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1.
J Biol Dyn ; 16(1): 619-639, 2022 12.
Article in English | MEDLINE | ID: covidwho-2187649

ABSTRACT

In this paper, we are concerned with an epidemic model with quarantine and distributed time delay. We define the basic reproduction number R0 and show that if R0≤1, then the disease-free equilibrium is globally asymptotically stable, whereas if R0>1, then it is unstable and there exists a unique endemic equilibrium. We obtain sufficient conditions for a Hopf bifurcation that induces a nontrivial periodic solution which represents recurrent epidemic waves. By numerical simulations, we illustrate stability and instability parameter regions. Our results suggest that the quarantine and time delay play important roles in the occurrence of recurrent epidemic waves.


Subject(s)
Epidemics , Quarantine , Basic Reproduction Number , Computer Simulation , Models, Biological
2.
Rev. bras. promoç. saúde (Impr.) ; 34(1): 1-9, 17/02/2021.
Article in Spanish | WHO COVID, LILACS (Americas) | ID: covidwho-2202501

ABSTRACT

Objetivo: Este artículo de investigación busca conocer la influencia de la propagación del virus COVID-19 a través de la temperatura y de la humedad en España y Brasil. Métodos: Para el cálculo de la variación mensual del índice de propagación del virus COVID-19 por provincias en España se han utilizado, en primer lugar, las series climáticas de la AEMET de España e INMETRO de Brasil. Se han extraído las medias correspondientes y después se han sometido los datos a un proceso de homogenización, para posteriormente poder calcular el incremento mensual de temperatura y de humedad por provincias y estados. Este proceso metodológico establece una relación directamente proporcional entre el aumento de la temperatura y de la humedad con el índice de propagación del virus COVID-19. Resultados: En España, las condiciones climáticas favorecerán la disminución o aumento del índice reproductivo del virus. En Brasil las condiciones climáticas no favorecerán la disminución del índice reproductivo del virus y, climatológicamente, no existe un periodo óptimo para una desescalada y vuelta a la normalidad. Las variaciones de las condiciones climáticas en Brasil no son significativas, por lo que el clima de Brasil no influye en la disminución de propagación del virus. Conclusión: El clima influye en la propagación del virus. Descriptores: COVID-19; Transmisión de Enfermedad Infecciosa; Clima; Temperatura; Humedad.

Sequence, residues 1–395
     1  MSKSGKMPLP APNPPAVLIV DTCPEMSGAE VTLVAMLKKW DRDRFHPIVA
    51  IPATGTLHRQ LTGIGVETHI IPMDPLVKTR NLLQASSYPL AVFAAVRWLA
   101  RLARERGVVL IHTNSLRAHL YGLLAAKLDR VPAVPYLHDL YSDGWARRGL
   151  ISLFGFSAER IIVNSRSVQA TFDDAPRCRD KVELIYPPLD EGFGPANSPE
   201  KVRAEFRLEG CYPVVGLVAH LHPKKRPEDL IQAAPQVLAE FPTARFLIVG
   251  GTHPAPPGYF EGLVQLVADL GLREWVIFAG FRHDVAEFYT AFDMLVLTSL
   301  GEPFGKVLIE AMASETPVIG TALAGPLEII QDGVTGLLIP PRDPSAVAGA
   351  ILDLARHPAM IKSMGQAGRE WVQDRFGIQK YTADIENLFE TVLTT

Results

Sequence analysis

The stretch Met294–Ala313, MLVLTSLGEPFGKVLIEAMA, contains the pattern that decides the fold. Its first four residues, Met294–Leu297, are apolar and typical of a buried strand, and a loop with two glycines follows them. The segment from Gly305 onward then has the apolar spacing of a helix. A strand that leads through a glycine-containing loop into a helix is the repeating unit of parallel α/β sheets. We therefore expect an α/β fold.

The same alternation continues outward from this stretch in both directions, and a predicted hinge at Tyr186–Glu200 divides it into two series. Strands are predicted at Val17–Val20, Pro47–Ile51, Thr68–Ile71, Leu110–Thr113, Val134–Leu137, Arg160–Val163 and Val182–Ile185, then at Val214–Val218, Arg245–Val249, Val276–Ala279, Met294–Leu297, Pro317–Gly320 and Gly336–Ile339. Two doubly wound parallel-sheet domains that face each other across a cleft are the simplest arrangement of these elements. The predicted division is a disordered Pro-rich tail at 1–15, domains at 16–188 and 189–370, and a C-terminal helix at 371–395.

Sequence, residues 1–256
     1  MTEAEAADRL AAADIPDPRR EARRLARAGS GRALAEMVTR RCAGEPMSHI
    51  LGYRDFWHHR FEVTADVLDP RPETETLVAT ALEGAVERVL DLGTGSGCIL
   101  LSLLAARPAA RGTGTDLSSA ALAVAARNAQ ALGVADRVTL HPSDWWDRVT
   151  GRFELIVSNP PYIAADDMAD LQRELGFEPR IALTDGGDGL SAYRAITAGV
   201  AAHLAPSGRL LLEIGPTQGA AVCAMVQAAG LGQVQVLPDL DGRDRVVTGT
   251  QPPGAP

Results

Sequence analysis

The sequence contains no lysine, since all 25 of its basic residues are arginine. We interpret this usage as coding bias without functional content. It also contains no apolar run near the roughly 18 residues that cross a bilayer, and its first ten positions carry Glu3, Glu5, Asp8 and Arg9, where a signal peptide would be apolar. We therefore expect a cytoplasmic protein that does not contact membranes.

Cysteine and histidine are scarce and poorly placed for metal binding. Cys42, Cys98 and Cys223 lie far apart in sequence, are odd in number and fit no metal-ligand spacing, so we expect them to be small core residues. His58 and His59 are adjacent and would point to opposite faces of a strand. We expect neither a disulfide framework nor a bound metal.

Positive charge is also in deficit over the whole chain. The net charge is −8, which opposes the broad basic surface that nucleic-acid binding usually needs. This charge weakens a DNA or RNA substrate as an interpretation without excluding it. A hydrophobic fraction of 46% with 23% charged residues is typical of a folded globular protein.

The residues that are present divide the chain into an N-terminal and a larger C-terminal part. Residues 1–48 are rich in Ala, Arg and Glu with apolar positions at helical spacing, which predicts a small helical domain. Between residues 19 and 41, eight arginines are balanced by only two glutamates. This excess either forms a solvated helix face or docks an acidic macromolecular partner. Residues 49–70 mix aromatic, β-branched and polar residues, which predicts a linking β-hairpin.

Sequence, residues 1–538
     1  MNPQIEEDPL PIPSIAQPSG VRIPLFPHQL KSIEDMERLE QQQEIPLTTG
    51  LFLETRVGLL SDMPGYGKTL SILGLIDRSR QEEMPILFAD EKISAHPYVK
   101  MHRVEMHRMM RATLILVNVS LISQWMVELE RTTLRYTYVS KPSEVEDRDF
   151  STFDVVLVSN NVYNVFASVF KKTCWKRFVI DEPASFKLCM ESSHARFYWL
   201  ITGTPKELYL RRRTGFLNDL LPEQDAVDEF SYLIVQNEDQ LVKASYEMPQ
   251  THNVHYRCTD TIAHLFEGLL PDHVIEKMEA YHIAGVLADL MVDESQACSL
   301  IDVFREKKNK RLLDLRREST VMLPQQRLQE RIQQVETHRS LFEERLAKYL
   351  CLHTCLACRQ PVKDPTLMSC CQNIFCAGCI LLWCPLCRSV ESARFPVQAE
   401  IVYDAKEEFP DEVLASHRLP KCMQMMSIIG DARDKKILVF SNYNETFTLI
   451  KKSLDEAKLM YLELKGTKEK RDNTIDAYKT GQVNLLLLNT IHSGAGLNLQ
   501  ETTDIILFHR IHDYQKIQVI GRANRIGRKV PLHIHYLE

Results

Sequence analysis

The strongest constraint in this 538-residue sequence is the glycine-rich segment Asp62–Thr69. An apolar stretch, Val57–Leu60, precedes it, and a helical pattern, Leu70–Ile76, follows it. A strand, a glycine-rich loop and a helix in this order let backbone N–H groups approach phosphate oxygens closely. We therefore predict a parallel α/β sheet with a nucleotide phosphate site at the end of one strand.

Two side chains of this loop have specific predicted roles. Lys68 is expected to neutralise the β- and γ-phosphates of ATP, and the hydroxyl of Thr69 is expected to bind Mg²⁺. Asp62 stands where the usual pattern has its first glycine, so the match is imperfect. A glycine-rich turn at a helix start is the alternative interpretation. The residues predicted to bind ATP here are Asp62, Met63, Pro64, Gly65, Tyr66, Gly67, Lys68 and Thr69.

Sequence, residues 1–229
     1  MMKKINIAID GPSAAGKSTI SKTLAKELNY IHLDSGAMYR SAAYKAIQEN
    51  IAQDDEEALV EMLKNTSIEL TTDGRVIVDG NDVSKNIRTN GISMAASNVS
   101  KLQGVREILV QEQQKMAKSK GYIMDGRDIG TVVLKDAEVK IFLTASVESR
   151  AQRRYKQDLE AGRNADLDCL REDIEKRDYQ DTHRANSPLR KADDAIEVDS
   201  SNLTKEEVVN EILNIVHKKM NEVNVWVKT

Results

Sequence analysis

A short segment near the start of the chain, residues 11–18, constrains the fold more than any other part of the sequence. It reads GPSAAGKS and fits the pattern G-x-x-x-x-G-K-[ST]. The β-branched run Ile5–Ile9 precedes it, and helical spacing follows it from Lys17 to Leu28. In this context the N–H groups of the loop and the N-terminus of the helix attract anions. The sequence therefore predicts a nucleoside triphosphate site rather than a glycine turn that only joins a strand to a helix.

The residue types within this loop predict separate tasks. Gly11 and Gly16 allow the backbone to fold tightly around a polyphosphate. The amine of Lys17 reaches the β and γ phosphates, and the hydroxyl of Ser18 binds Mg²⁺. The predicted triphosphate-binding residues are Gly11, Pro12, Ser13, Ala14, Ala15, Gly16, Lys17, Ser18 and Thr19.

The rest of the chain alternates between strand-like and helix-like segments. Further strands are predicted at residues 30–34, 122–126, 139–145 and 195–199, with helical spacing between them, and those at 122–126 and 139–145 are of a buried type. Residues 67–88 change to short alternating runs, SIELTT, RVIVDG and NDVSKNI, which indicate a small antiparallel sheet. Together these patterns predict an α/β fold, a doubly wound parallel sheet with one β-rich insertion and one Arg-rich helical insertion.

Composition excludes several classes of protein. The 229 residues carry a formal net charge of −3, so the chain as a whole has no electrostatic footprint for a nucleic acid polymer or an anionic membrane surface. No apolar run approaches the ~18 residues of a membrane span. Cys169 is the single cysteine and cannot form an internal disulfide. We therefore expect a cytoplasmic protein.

Objetivo: Este artigo de pesquisa busca conhecer a influência da propagação do vírus COVID-19 através da temperatura e umidade na Espanha e no Brasil. Métodos: Para calcular a variação mensal do índice de propagação do vírus COVID-19 por províncias da Espanha, primeiramente, utilzaram-se as séries climáticas da AEMET da Espanha e do INMETRO do Brasil. Extraíram-se as médias correspondentes, para posterior submissão dos dados a um processo de homogeneização, com o intuito de calcular o aumento mensal de temperatura e umidade por províncias e estados. Esse processo metodológico estabeleceu uma relação diretamente proporcional entre o aumento da temperatura e da umidade com a taxa de disseminação do vírus COVID-19. Resultados: Na Espanha, as condições climáticas favoreceram a diminuição ou aumento do índice reprodutivo do vírus. No Brasil, entretanto, as condições climáticas não favorecem a diminuição do índice reprodutivo do virus, comprovando que climatologicamente não existe um período ideal para uma desaceleração e retorno à normalidade. As variações nas condições climáticas no Brasil não são significativas, portanto o clima não influencia na diminuição da propagação do vírus neste país. Conclusão: O clima influencia a disseminação do vírus. Descritores: COVID-19; Transmissão de Doença Infecciosa; Clima; Temperatura; Umidade.